13 But Ananias answered, “Lord, I have heard from many about this man, how much evil he has done to your holy ones at Jerusalem; 14 and here he has authority from the chief priests to bind all who call on your name.” 15 But the Lord said to him, “Go, for he is a chosen instrument of mine, to bear my name before the Gentiles and kings and the sons of Israel. 16 For I will show him how much he must suffer for the sake of my name.”
We are told numerous times throughout the New Testament that the world will hate Christians and Christianity. However, we need not prejudge the individuals who make up the world alienated from God. Verses 13-16 are an evident demonstration that circumstances can change a person’s heart and mind. Clearly, Saul of Tarsus was a vehement enemy of Christianity, going from an opposer and persecutor to one who walked with God and became the most faithful and effective evangelist of the first-century.
Ananias says, “I have heard from many about this man.” There was probably no Jew in the whole of Palestine, who was not aware of Saul’s violent persecution of the Christians, all the time thirsting for more opportunities. Therefore, one can certainly appreciate Ananias’ pause about visiting Saul. Ananias had no knowledge that Jesus had appeared to Saul on the road to Damascus. We notice that Jesus did not admonition Ananias for his reluctance to take on this assignment. Another thing we might note is Ananias not being surprised at Jesus speaking with him, as he engages the conversation, as if he were talking with some friend in the congregation. It would not be too much of a stretch to suspect that Ananias actually saw Jesus in this vision, while they carried on this brief exchange.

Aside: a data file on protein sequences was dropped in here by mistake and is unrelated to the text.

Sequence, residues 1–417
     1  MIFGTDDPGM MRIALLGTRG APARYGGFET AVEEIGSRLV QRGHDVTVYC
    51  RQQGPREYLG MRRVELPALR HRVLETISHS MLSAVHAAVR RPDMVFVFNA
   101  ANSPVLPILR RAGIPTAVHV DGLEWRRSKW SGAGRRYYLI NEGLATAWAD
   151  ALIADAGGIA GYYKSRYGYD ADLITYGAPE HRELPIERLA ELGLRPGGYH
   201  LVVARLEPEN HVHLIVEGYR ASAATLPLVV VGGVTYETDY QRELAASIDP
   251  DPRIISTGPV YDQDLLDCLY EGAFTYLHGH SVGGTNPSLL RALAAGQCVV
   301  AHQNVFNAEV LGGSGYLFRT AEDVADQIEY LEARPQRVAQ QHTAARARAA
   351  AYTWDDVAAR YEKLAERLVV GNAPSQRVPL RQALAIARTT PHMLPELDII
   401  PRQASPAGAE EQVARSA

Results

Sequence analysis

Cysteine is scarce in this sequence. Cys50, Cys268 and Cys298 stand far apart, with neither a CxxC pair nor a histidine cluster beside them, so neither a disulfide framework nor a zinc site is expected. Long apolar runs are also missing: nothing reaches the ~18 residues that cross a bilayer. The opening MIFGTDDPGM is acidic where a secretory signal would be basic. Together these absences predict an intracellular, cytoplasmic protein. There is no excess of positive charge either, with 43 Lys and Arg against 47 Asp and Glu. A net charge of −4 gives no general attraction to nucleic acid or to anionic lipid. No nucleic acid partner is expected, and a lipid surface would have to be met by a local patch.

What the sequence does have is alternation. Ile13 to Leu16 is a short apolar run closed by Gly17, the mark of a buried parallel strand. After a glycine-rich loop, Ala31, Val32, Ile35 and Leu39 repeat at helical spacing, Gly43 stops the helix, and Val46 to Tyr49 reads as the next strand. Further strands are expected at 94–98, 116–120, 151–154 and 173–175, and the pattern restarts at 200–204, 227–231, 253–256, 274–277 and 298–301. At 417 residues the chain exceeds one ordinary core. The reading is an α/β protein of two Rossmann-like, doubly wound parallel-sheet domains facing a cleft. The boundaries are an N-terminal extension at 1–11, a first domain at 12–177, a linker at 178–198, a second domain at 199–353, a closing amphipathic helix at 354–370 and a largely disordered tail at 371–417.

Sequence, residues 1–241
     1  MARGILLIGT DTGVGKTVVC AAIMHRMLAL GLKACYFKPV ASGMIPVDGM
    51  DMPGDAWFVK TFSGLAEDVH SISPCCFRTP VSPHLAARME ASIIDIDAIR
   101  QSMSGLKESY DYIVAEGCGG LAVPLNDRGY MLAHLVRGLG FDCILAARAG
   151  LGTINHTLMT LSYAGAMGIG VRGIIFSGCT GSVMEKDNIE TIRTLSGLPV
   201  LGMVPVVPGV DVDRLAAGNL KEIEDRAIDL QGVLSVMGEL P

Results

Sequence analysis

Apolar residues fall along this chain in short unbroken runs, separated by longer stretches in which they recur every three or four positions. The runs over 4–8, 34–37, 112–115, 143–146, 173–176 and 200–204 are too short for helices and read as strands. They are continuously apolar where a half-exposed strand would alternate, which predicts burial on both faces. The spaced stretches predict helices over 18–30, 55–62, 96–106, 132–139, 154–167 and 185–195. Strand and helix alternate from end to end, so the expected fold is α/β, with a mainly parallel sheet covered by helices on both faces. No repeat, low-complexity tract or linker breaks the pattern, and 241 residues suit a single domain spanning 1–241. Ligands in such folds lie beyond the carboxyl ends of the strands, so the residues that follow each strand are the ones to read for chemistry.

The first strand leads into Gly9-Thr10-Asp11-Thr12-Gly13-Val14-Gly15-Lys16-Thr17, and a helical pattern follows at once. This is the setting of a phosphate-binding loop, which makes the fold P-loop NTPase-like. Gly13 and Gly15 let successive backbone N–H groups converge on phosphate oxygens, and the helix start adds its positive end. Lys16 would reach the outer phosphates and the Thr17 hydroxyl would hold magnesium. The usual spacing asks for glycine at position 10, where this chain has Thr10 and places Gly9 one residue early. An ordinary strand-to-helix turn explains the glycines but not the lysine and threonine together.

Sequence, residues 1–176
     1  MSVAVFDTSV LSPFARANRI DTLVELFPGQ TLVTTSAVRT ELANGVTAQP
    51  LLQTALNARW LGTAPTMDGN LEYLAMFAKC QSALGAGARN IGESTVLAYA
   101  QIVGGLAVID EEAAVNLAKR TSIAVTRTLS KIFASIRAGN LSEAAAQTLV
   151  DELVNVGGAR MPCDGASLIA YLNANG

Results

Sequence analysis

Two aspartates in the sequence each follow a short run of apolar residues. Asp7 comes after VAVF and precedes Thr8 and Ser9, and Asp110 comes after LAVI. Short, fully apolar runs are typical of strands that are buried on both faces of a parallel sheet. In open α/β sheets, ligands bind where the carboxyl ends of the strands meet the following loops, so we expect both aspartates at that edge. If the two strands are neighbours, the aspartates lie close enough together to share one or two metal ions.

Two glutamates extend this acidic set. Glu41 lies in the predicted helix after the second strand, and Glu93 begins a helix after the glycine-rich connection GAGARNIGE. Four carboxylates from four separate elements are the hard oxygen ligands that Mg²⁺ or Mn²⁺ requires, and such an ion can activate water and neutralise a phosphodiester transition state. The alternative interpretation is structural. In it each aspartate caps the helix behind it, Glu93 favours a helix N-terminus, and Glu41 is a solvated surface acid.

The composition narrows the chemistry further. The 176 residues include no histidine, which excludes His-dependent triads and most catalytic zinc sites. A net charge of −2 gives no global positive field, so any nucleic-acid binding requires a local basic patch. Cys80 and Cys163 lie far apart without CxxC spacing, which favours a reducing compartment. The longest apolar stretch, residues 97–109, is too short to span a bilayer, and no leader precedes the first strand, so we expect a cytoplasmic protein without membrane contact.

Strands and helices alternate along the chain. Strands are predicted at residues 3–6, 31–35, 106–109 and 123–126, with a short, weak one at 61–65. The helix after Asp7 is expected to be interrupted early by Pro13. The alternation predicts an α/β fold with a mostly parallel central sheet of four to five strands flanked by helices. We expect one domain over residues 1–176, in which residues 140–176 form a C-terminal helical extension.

Ananias speaks of “how much evil [Saul/Paul] has done to your saints at Jerusalem.” (9:13) “This is the first time that this expression is used to refer to Christians.” (Arnold 2002, 294) The Bible refers to holy ones, or saints. God is spoken of as “the Holy One [Greek, hagion].” (1 Pet. 1:15-16; see Leviticus 11:45.) Jesus Christ is described as “the Holy One [hagios] of God” when on earth and as “holy [one] [hagios]” in heaven. (Mark 1:24; Rev. 3:7) The angels too are “holy.” (Acts 10:22) The same Greek term is applied to numerous ones on earth.—The New Greek to English Interlinear New Testament
This writer does not prefer the term “saints.” Dr. Don Wilkins, the head of the New American Bible committee writes to me in an email, “I do not see a problem with using ‘holy ones.’ My camp doesn’t like “saints” that much either (even though it’s in the NAS). Also, I don’t see ‘saints’ listed as an option for hagios in BDAG. About the only time I use the term is when I’m formally designating one of the apostles, and even then I don’t really like it; it’s just a matter of convenience.” The three dictionaries below help us better appreciate this,
|1||somebody honored by church after death: a member of a religion who after death is formally designated as having led a life of exceptional holiness|
|2||somebody in heaven: somebody who goes to heaven after death|
|3||virtuous person: a particularly good or holy person, or one who is exceptionally kind and patient in dealing with difficult people or situations|
VINE’S EXPOSITORY DICTIONARY
In the plural, as used of believers, it designates all such and is not applied merely to persons of exceptional holiness, or to those who, having died, were characterized by exceptional acts of “saintliness.”
MOUNCE’s EXPOSITORY DICTIONARY
233x. hagios is an adjective that means “holy,” but it is used at least 45x as a substantive to designate “saints.” Esp. in Paul’s letters those who name Jesus as their Lord are called hagioi (“saints”; lit., “holy ones”).
In all likelihood, the humble Christian servants who are given that term, would not like it, based on the way it is thought of today.
Verse 15 is the most important verse of this chapter because Paul’s witness to Agrippa fulfilled the prophecy that he would carry Jesus’ name before kings, but it also identifies the intended purpose of taking the Good News to the nations, not just the sons of Israel. (Rom. 1:1, 5; 9:24; Gal. 1:15–16; Eph. 3:7–13) Ananias was made aware of God’s will and purposes before the older men of Israel down in Jerusalem. Paul was Jesus’ chosen instrument to carry his name.